For the past twenty years, my day job has involved providing legal representation to children in cases of abuse and neglect. If you must be a lawyer, this is a terrific way to go about it. My clients are regarded as having problems rather than being problems, and it’s the court’s job to solve those problems as best it can, with limited time and resources.
I go about this work as an independent contractor to the State of Maryland, and periodically, the State competes the work to ensure the taxpayers are getting the best bargain for their money. I won the contract through the competitive procurement process, and I’m prepared to lose it the same way.
Fair is fair, and twenty years is a long time to labor in any one vineyard.
And yet, there’s a part of me that thinks, “I have learned so much in the past twenty years, I’m better at this gig than I’ve ever been before. I know the players, I know the rules, I know the rhythms and rituals. I AM the best bargain for the taxpayer’s nickel, and oh, by the way, I’m a single mom with a kid still in college and could really use the steady paycheck.”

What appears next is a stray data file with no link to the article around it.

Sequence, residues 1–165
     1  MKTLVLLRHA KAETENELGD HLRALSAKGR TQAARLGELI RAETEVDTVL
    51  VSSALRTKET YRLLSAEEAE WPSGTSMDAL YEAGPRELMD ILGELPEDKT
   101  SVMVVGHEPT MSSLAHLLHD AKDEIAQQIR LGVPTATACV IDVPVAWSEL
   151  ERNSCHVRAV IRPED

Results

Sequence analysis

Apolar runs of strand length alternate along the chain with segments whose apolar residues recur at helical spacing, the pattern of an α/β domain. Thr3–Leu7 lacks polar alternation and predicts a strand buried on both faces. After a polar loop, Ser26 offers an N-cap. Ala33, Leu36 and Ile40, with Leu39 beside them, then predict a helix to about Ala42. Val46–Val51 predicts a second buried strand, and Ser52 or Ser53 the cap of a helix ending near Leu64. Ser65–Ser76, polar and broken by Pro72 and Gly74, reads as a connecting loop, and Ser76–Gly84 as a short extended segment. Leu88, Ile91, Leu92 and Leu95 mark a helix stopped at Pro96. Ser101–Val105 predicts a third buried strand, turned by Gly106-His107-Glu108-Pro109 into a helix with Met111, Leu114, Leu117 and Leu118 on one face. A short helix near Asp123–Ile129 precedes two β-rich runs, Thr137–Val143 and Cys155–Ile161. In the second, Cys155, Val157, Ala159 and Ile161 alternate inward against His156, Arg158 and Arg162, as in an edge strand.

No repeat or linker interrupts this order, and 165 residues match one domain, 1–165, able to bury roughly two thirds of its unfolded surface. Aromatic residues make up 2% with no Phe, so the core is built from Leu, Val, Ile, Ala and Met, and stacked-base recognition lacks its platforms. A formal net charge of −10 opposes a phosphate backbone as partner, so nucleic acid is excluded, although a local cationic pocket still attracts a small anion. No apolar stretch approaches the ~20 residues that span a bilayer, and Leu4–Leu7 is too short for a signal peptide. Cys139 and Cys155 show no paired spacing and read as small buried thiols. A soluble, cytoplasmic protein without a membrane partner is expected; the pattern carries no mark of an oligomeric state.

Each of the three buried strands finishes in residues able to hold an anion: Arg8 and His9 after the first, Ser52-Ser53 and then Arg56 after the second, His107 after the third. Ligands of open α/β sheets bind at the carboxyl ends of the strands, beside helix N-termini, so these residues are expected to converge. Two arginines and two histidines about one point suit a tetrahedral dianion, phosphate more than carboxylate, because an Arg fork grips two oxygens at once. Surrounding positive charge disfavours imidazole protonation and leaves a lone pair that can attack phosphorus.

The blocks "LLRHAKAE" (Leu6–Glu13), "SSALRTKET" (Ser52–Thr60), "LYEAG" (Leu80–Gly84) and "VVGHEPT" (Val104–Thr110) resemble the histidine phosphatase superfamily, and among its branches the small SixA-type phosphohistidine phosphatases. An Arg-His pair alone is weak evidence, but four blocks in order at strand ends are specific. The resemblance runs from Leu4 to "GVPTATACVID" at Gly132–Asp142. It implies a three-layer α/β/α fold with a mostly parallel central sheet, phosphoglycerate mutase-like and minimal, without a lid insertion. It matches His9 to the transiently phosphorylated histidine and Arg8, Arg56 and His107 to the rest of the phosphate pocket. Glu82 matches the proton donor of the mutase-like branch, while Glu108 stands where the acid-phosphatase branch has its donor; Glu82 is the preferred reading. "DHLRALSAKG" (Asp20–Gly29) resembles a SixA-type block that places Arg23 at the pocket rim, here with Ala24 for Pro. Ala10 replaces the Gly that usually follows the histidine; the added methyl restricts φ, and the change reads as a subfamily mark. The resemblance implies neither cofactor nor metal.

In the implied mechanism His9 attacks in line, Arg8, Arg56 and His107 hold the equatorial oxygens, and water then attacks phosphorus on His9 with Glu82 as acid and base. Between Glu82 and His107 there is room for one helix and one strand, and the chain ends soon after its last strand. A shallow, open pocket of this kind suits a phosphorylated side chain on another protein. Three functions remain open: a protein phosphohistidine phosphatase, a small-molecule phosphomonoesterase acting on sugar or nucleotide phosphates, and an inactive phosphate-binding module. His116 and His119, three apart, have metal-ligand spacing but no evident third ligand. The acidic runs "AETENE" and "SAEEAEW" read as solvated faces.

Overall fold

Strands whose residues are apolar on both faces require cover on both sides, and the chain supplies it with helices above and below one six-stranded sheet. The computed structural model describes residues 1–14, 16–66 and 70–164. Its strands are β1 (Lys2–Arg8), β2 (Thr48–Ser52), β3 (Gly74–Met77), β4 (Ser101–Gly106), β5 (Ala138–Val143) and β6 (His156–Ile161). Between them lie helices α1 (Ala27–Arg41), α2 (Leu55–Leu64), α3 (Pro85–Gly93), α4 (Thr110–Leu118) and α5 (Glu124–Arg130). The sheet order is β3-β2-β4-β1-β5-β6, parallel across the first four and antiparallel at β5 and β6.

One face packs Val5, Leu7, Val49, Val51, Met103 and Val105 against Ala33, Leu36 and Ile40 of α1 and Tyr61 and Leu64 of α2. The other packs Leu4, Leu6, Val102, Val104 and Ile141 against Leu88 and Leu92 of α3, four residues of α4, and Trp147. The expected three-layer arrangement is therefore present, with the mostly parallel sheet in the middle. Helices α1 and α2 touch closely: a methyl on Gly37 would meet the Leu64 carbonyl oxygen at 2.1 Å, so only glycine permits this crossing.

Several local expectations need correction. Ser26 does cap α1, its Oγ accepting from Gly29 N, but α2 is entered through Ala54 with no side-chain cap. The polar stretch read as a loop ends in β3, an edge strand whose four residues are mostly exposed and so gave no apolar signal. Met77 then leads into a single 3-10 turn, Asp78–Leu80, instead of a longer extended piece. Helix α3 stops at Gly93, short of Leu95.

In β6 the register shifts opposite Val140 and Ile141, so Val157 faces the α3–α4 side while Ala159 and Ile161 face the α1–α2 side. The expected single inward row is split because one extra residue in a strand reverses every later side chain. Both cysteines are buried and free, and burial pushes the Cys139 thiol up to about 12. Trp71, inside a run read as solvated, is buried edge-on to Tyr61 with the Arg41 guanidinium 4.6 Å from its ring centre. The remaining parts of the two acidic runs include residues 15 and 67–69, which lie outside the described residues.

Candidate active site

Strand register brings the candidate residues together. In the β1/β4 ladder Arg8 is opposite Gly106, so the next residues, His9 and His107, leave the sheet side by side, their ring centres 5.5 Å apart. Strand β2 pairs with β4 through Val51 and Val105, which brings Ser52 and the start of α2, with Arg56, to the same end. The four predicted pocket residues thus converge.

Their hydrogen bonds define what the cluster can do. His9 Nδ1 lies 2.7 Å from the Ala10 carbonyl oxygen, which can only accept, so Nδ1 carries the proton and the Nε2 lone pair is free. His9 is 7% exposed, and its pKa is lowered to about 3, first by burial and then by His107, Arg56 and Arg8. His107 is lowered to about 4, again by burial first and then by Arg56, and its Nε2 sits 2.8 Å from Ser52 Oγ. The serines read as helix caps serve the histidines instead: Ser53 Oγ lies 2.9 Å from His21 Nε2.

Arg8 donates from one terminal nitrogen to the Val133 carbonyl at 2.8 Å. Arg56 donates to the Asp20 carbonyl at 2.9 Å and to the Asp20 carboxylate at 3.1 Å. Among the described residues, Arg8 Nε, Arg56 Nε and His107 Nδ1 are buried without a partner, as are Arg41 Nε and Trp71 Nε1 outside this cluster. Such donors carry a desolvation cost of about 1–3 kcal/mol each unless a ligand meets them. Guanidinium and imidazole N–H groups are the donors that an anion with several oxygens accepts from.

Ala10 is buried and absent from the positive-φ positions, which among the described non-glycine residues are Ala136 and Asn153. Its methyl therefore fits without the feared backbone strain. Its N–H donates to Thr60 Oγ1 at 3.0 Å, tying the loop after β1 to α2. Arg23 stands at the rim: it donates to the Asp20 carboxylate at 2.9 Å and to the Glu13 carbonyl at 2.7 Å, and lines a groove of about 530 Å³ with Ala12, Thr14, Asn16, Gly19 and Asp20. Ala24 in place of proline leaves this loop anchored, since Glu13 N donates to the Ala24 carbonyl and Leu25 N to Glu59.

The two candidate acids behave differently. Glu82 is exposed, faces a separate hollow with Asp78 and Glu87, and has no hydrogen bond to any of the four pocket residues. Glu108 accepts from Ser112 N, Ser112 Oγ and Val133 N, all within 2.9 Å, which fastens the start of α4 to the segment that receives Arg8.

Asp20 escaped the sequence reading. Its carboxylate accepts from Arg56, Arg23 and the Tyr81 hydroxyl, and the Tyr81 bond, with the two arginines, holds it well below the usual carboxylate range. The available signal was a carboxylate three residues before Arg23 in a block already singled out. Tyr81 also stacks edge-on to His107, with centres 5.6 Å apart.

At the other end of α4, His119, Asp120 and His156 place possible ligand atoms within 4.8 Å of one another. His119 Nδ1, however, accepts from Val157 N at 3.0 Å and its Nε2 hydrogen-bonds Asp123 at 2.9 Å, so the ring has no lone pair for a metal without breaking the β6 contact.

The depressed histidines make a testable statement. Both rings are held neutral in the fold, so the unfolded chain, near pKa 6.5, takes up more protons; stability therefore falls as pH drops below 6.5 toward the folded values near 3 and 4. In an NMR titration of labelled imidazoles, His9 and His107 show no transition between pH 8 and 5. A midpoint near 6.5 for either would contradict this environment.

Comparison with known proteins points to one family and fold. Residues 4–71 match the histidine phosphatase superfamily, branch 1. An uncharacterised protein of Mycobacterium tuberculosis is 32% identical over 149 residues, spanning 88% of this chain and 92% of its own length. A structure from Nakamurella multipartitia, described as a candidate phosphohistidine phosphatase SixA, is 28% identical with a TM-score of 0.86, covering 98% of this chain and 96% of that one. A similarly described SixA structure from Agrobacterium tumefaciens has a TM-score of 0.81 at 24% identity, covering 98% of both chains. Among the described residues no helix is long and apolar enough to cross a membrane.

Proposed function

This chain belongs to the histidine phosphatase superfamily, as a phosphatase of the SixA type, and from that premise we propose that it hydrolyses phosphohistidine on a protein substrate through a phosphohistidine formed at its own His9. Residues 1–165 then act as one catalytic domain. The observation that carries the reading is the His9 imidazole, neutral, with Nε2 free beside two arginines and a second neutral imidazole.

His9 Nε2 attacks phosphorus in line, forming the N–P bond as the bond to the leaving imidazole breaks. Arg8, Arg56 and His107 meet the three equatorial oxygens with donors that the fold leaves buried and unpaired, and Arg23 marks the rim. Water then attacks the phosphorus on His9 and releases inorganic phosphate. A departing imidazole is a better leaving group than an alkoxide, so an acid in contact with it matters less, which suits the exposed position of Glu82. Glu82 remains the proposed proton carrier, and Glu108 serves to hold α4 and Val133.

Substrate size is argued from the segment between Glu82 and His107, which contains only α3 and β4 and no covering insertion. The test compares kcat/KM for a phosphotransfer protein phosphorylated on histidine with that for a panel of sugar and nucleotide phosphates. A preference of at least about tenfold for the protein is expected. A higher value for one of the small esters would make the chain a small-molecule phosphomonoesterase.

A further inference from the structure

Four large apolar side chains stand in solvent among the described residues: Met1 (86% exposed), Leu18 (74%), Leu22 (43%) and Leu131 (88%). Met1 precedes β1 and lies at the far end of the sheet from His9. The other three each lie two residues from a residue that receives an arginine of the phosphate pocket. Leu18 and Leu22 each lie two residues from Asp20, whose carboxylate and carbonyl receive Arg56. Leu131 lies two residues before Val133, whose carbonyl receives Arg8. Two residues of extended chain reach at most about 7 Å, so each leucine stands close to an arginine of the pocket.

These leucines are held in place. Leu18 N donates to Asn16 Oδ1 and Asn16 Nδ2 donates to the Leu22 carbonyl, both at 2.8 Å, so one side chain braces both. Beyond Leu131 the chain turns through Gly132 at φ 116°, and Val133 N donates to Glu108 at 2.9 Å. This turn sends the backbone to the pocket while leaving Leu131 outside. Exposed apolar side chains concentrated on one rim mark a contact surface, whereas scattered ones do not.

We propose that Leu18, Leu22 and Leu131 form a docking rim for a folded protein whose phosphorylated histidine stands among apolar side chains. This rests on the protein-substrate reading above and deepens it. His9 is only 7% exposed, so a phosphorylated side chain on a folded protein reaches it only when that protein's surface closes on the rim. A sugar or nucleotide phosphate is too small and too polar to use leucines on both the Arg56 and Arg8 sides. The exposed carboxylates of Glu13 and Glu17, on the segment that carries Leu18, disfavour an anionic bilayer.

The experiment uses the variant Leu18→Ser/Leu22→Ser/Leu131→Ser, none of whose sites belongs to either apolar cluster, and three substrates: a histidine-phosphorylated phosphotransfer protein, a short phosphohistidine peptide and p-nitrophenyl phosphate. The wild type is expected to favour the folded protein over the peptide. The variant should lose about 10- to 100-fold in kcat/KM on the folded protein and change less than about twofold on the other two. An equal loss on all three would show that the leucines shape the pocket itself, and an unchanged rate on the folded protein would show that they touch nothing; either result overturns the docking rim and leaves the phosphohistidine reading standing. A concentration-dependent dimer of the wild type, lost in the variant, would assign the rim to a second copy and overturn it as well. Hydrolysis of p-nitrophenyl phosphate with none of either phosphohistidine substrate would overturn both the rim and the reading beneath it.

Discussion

We’ll see what the universe says to that. Meanwhile, the idea that I could have a lot more unstructured time has given me an opportunity to poke my head out of my prairie dog hole, look about me, and see my immediate environment with new eyes.
New, not very impressed eyes. I’ve been living in the same small, rural house for almost twenty five years, and I’ve shared this place with one daughter, and a herd of cats, dogs, rabbits, guinea pigs, white rats, birds, fish, and once I found a possum helping himself to the dog food in the kitchen (at 3 am, oh-what-a-night). Having horses on the same property didn’t exactly contribute to a manicured look.
House beautiful, it ain’t.
If a door to the legal profession is closing, then of course, I want to write full time, but I have to ask myself: If I’m going to be working from home, how can I make this space optimally conducive to writing wonderful stories? The house itself is a 150+ year old log cabin with addition. It has character, but needs charm. My first step in the direction of preparing for a career change was to rent a roll off dumpster.
Dead clothes, ancient romance novels, defunct CD players, hamster wheels that won’t turn (note to self: excellent metaphor there), ribbons from some horse show ten years ago, broken Christmas lights… “Kill them all, Mr. Smee!”
It feels good to purge—also a little scary—but then what? How do you make the place you live more than just a long term campsite without it becoming a time and money suck too?
To one commenter below, I’ll send an audio version of Richard Armitage reading Georgette Heyer’s “The Convenient Marriage.”